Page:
Ten years ago 13 people were killed by a landslide in the Swiss village of Gondo. Commune president Roland Squaratti tells swissinfo.ch how life has changed.
On October 14, 2000, the tiny village on the Swiss-Italian border was sliced in two by a 40-metre-wide swathe of mud and rocks loosened by three days of torrential rain.
The heart of the village was destroyed and almost all the 165 surviving inhabitants were evacuated. The landslide swept away ten houses, the school, shops and the road. It also reduced most of the Stockalper Tower to rubble, leaving only the very oldest part of the building standing.
The tower was built by a noble Valais family in the 17th century. At the time, the Simplon road – on which Gondo stands – formed part of an important trading route between northern and southern Europe. Even today, up to 100,000 trucks pass through the village a year.
Three years ago the Stockalper Tower reopened as a hotel restaurant, after a SFr7.5 million ($7.8 million) reconstruction.
Squaratti was also commune president during the catastrophe, in addition to being a member of the village fire brigade.
swissinfo.ch: Ten years on, what is the atmosphere like in Gondo?
Roland Squaratti: The atmosphere is good. We finished the reconstruction four or five years ago, with the final part coming in 2007 when the Stockalper Tower was turned into a restaurant, which brings a lot of people to Gondo. Companies from all over Switzerland come here for courses that last from a day to a week. They stay the night and bring a lot of life to the village.
swissinfo.ch: What is planned for October 14?
R.S.: We’ll hold Mass at 10.30 in the morning – the catastrophe happened at 10.45 – followed by drinks on the village square. During that we’ll give a small present to the helicopter pilot who in 2000 flew blind through the Gondo gorge to evacuate us. We’re giving him something on behalf of all the rescuers and helpers.
In the wall behind Gondo we’ve recently installed 13 stars, and on the 14th, when it’s dark, we’ll light up these stars for the first time in memory of the 13 victims.
swissinfo.ch: Has anything changed in the past decade?
R.S.: Things have certainly changed – above all the number of inhabitants. Previously some 160 people lived here, now it’s about 100. Community life has obviously been affected a bit – virtually every inhabitant has to be in every association to maintain a decent community life.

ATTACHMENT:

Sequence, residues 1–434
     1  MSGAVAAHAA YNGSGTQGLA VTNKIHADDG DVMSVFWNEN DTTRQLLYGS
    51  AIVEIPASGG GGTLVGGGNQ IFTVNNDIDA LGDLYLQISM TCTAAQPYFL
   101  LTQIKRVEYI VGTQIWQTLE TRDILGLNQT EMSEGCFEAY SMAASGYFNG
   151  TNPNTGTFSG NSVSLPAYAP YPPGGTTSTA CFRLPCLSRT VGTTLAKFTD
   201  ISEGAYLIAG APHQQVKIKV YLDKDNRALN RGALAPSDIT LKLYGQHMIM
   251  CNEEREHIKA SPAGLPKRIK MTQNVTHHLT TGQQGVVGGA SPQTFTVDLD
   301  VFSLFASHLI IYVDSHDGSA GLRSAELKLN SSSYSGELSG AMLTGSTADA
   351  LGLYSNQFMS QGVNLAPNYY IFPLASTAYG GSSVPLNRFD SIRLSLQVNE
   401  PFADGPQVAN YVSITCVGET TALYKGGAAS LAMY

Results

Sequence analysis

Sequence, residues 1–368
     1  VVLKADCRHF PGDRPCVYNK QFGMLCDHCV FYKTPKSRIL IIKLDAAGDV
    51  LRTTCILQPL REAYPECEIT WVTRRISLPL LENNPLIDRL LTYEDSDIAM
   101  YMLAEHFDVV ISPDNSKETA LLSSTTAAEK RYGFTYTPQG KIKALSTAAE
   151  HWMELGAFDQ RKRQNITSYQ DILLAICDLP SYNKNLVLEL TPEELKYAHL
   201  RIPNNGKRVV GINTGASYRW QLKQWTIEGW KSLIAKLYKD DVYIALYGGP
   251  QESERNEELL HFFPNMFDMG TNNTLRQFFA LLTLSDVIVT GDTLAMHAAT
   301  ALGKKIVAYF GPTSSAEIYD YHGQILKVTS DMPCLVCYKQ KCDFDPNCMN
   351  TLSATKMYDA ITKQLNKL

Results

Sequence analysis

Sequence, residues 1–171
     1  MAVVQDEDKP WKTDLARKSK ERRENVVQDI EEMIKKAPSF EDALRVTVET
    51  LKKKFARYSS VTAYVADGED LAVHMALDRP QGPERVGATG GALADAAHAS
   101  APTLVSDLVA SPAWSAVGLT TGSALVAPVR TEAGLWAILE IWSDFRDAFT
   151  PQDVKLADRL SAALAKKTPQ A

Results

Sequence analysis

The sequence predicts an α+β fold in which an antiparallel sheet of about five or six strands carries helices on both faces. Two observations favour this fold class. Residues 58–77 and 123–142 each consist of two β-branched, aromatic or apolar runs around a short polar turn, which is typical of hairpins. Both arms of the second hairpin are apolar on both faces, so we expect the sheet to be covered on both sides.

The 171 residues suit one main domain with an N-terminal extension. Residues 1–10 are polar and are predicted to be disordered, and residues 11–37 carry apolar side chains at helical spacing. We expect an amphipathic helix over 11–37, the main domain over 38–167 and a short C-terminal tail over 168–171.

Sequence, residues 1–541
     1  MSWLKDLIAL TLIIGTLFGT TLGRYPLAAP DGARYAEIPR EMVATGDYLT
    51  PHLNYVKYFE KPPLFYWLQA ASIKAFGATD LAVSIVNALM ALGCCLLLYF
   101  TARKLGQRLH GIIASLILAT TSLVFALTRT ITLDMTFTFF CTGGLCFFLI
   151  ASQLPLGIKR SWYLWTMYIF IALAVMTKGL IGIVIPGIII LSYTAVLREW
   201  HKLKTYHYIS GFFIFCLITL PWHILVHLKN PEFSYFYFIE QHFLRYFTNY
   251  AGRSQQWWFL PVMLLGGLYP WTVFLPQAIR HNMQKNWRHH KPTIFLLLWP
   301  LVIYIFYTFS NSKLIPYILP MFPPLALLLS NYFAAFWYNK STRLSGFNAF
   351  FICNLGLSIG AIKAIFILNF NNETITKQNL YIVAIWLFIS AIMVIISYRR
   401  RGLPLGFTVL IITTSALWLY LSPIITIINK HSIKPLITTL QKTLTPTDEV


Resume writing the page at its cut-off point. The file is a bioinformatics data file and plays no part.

We also work a lot more with the neighbouring Simplon commune when it comes to schooling and the post and so on – a regional mentality has developed between the two communes.
swissinfo.ch: Are you now better prepared for natural disasters?
R.S.: Safety measures were taken in the years after the catastrophe – a drainage system was constructed at the foot of the cliff to divert water around the village. In addition the holes in the rockslide protection wall were filled in.
That took two years or so. After that, another couple of years were spent rebuilding the village. The Stockalper Tower was renovated with support from a foundation and rebuilt as a hotel restaurant. That was finished in 2007.
As for catastrophes – we live in the mountains. A rockfall or something is always possible, but we’ve done everything humanly possible to guarantee the safety of the village and to prevent a repeat [of 2000].
Regarding landslides, we’ve taken safety measures but behind Gondo there’s a 400-metre cliff face and obviously it’s always possible that a rockslide will occur one day – but that’s a danger we live with in the mountains.
Since the introduction of the safety measures it’s rained very hard three or four times and we were able to see that the measures were good and that there was no risk. That brought back confidence.
June 8, 2007: Three people died in flooding in Huttwil and Eriswil (canton Bern).
August 21-23, 2005: Eight people died after heavy rainfall and flooding in Bern and east and central Switzerland. Many road and rail connections were washed out, with the villages of Engelberg and Lauterbrunnen cut off. The damage came to SFr2.5 billion.
October 14/15, 2000: Persistent rain in canton Valais led to landslides and flooding. Sixteen people died, including 13 in the village of Gondo. The bill came to SFr500 million.
May 15, 1999: Damage estimated at SFr580 million was caused after storms in several regions, including Bern, Thun, Rheinfelden and Lake Constance.
September 24, 1993: After heavy rainfall, the River Saltina burst its banks, causing severe damage in the town of Brig. Two people died, with damage estimated at SFr600 million.
Summer 1987: Eight people died after storms in Poschivao and the Reuss plain in canton Uri. Damage totalled SFr1.3 billion ($1.09 billion).
National Alarm Centre
In the case of extreme weather or serious earthquakes, the National Alarm Centre sends the alerts of the Swiss Meteorological Office or the Swiss Seismological Service to the affected cantons, the army, the Federal Police Office and other parties.
The alert to the population is communicated by the 7,750 sirens spread across the country and normally operated by the cantonal police.
The population is then supposed to tune in to the radio stations of the Swiss Broadcasting Corporation for information.